Is The Conduit the Wii's best shooter?

One of the bigger pushes for Nintendo's Wii console recently has been The Conduit, a first-person shooter from Sega. Three of CNET's gaming industry experts put the game to the test.

One of the bigger pushes for Nintendo's Wii console recently has been The Conduit, a sci-fi first-person shooter from Sega. Looking past the hype, we put it to the test--hoping to find out if the popular Wii is actually good for something other than casual, party, and kids' games.

As with the recent Ghostbusters debate , our CNET editors' gaming roundtable gives conflicting opinions below, and we naturally want to hear what you think in the handy comments section.

Jeff Bakalar:
We're really impressed at how customizable the game is. In addition to completely changing the controls around, you have the option to move around individual HUD (heads-up-display) items at your leisure, so you can build the presentation that's right for you.

Control-wise, the game performs very smoothly, just how you'd want a first-person-shooter on the Wii to play. It's refreshing to see a game like this built from the ground up specifically for the Wii--you'll notice little things like rack focusing and other camera tricks that aren't seen in most Wii games.

While The Conduit is among the best-looking games available for the Wii, the console simply cannot handle that kind of realistic graphics. For instance, enemies set far away look like nothing more than a bunch of jumbled dots until they get much closer.

Alien-invading first-person shooters aren't anything new for video games, but a fresh new title built specifically for the Wii is definitely a welcome change of pace. The Conduit is the best first-person-shooter available for the console and the online multiplayer modes add a solid amount of replay value.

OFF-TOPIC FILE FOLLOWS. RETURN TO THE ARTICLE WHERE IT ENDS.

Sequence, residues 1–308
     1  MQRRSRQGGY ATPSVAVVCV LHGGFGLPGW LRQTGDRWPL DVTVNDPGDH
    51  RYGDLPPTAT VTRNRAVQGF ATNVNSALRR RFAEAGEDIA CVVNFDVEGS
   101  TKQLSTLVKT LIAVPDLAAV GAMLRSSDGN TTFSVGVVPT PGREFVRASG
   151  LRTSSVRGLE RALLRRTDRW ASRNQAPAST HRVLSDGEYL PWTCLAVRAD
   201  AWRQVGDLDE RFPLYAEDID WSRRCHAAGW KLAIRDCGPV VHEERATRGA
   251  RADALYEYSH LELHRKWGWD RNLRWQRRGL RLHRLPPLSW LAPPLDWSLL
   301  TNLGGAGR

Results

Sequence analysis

Scott Stein:
When I first played The Conduit, I was reminded of Metroid Prime 3: Corruption. The first-person Wiimote-aided controls and perspective seemed similar, as well as some of the puzzle-solving. The experience is somewhat fun--in fact, it's baffling that there aren't more quasi-VR experiences on the Wii as opposed to goofy retro minigames--but it's not compelling enough to spend significant time or money on unless you're desperate for a shooter (read: you only own a Wii).

Plus, the aliens are downright uninspiring, feeling like they escaped from Midway's Area 51. It's nice to see that Sega's supporting Wii development of original content, with this, Madworld, and Let's Tap, but this just feels like something that hit the market too late. But again, to clarify: it's still the second-best first-person action game that the Wii's got.

Dan Ackerman:
Nintendo's Wii console seems custom made for first-person shooters, with a motion-sensing handheld controller that's more firearm-like than any analog-stick game pad. So, it's always been a mystery why no one has managed to perfect the formula yet. While it's probably the best attempt so far, Sega's The Conduit is certainly no paradigm shift in Wii first-person shooters.

Perhaps it's the Wii hardware itself. The new Motion Plus add-on for the Wii remote seems to be an admission that the system's aiming was never quite right--but the Motion Plus is not compatible with this game. The system used for actually controlling the game--combining rotating and aiming by steering the Wiimote cursor around an onscreen "dead zone"--is essentially the same inelegant compromise as nearly every other Wii first-person game.

We liked the X-Files/Torchwood style conspiracy thriller vibe, although it's surprising the game uses so many cheap tricks, such as brain-dead bad guys jumping out from behind corners and blatantly repeated locations. The Conduit seems to be nobly aimed at creating more mature, serious games for the Wii, but in that case, why does the guy on the cover look like a reject from a late-'80s Lazer Tag commercial?

About the author

Scott Stein is a senior editor covering iOS and laptop reviews, mobile computing, video games, and tech culture. He has previously written for both mainstream and technology enthusiast publications including Wired, Esquire.com, Men's Journal, and Maxim, and regularly appears on TV and radio talking tech trends.

Jeff Bakalar

Jeff has been at CNET for more than five years covering games, tech, and pop culture. When he's not playing ice hockey or pinball, you can catch him live every day as the host of CNET's infamous daily show, The 404 Show and every Friday in CNET's first-ever tech comic, Low Latency. See full bio

Dan Ackerman

Dan Ackerman leads CNET's coverage of laptops, desktops, and Windows tablets, while also writing about games, gadgets, and other topics. A former radio DJ and member of Mensa, he's written about music and technology for more than 15 years, appearing in publications including Spin, Blender, and Men's Journal. See full bio

 

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